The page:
Parrots magazine readers letters

Dear Parrots magazine,

No metal please

I bought a pair of African Greys just over a year ago and was told they were a male and female which I think was right as they appeared to want to nest. As a result, I bought a nest box from a chap that makes them not far away from me, but the box had protective metal trim around the nest hole. This did strike me as a bit odd when I first saw the box, as I think birds like to chew their way in. But to confirm my suspicions they seemed very agitated about this metal around the entrance hole, so much so that I removed it and replaced it with some odd softwood strips I had, which I fixed across the hole that left a bit of a gap. I was so pleased to see that they chewed away at this timber and finally entered the nest box, which is what I thought they would do in the wild. They do seem a lot happier now although haven’t produced any eggs yet, so I am waiting with great anticipation.

Read more: Letters: No metal trims please


Dear Parrots magazine,

Captive bred releases

I do thank Rosemary Low for her 'Letters' input into my article about Tiara bird and her Amazon instincts for survival. When I mentioned in one sentence that captive bred parrots have been successfully released, I was internally thinking about several. The Kakapo comes to mind, though I perhaps was amiss in writing 'Asia" when I should have said Australasia.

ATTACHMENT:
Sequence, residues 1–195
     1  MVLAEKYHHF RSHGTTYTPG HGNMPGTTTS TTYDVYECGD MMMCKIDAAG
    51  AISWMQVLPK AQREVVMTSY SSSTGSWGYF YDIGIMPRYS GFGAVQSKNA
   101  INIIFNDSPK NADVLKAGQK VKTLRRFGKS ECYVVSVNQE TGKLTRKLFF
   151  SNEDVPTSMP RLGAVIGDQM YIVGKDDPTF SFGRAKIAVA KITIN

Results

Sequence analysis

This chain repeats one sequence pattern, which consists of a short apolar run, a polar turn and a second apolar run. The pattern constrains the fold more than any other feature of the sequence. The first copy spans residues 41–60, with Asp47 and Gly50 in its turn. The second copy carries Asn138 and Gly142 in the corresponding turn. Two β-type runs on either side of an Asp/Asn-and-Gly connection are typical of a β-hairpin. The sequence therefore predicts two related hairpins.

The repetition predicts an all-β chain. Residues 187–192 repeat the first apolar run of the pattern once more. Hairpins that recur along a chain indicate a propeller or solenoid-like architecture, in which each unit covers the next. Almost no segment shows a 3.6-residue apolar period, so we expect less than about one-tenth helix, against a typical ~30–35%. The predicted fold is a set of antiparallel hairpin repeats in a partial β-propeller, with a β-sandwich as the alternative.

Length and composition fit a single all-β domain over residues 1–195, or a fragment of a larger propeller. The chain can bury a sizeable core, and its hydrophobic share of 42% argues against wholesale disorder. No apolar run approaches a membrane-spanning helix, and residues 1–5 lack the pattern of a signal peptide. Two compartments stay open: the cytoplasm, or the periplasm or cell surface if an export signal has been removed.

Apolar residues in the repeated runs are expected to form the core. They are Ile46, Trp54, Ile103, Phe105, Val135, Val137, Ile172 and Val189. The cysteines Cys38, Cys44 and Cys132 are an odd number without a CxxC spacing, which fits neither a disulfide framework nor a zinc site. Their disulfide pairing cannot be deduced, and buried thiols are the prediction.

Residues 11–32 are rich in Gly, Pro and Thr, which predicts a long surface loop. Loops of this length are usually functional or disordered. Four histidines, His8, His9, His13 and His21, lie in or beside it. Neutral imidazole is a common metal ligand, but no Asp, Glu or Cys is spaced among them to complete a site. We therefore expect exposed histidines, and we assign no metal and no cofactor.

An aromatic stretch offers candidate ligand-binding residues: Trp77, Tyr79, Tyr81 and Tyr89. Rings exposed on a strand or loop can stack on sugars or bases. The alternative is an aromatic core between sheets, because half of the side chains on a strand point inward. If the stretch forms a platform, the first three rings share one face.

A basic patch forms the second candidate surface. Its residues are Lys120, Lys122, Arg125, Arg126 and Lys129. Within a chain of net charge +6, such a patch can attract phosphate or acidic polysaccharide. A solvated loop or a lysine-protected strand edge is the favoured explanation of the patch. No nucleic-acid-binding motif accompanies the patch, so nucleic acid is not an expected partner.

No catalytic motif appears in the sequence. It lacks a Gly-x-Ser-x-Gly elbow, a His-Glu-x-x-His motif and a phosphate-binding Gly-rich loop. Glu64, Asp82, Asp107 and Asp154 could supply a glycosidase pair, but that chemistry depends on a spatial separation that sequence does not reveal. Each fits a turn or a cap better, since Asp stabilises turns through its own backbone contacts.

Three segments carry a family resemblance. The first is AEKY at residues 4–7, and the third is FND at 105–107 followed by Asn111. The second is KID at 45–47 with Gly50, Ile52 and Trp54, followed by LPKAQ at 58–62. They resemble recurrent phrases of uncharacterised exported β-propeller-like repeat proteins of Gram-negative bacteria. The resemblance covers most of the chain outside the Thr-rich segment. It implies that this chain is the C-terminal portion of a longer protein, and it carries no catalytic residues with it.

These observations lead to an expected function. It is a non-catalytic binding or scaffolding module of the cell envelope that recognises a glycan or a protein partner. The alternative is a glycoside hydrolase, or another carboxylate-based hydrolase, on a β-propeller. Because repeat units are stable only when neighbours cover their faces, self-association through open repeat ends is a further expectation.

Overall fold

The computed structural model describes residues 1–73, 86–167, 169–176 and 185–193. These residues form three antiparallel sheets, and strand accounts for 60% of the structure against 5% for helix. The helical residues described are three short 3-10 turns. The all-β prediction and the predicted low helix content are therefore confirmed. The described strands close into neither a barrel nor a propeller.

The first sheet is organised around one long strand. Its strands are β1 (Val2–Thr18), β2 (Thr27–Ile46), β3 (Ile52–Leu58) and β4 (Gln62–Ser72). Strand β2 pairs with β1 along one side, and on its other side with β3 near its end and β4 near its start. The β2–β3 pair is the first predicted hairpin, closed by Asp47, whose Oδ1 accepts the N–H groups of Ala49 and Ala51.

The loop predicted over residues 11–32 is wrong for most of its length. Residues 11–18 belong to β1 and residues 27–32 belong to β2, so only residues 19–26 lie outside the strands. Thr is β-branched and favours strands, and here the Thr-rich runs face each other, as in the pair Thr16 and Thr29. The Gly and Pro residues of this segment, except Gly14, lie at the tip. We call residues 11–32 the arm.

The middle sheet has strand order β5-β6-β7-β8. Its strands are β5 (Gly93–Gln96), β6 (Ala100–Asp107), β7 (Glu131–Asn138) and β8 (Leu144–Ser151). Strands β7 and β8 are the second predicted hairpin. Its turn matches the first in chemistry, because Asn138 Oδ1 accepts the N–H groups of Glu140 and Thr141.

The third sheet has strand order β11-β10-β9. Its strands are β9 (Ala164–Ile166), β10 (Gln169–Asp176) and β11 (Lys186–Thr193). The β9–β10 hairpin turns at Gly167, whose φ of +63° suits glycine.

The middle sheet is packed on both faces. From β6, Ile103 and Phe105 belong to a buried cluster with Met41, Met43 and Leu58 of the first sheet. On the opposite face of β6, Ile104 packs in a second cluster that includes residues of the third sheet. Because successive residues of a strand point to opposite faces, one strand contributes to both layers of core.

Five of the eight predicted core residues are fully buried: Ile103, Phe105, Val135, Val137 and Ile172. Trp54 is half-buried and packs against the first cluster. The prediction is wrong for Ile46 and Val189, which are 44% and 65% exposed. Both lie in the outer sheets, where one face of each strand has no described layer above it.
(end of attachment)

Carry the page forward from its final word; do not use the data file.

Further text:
Also the wonderful release project for the Echo Parakeet on Mauritius in the Indian Ocean, although Mauritius could arguably be considered either a part of the African continent geographically or part of Asia as it lies at the intersection of the two continental plates.

Read more: Letters: Captive bred releases


Dear Parrots magazine,

Appeal

I read Parrots magazine cover to cover, but can we please have some more breeding articles?!

David Ridley, Norfolk

 


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Dear Parrots magazine,

Releases of captive-bred endangered parrots

I was very interested in EB Cravens’ claim in the August issue that ‘captive breeding and release of a wealth of endangered parrots in international conservation programmes from Asia to Africa and the Caribbean’ proves that captive-bred parrots can survive in the wild.

Read more: Letters: Releases of captive-bred endangered parrots

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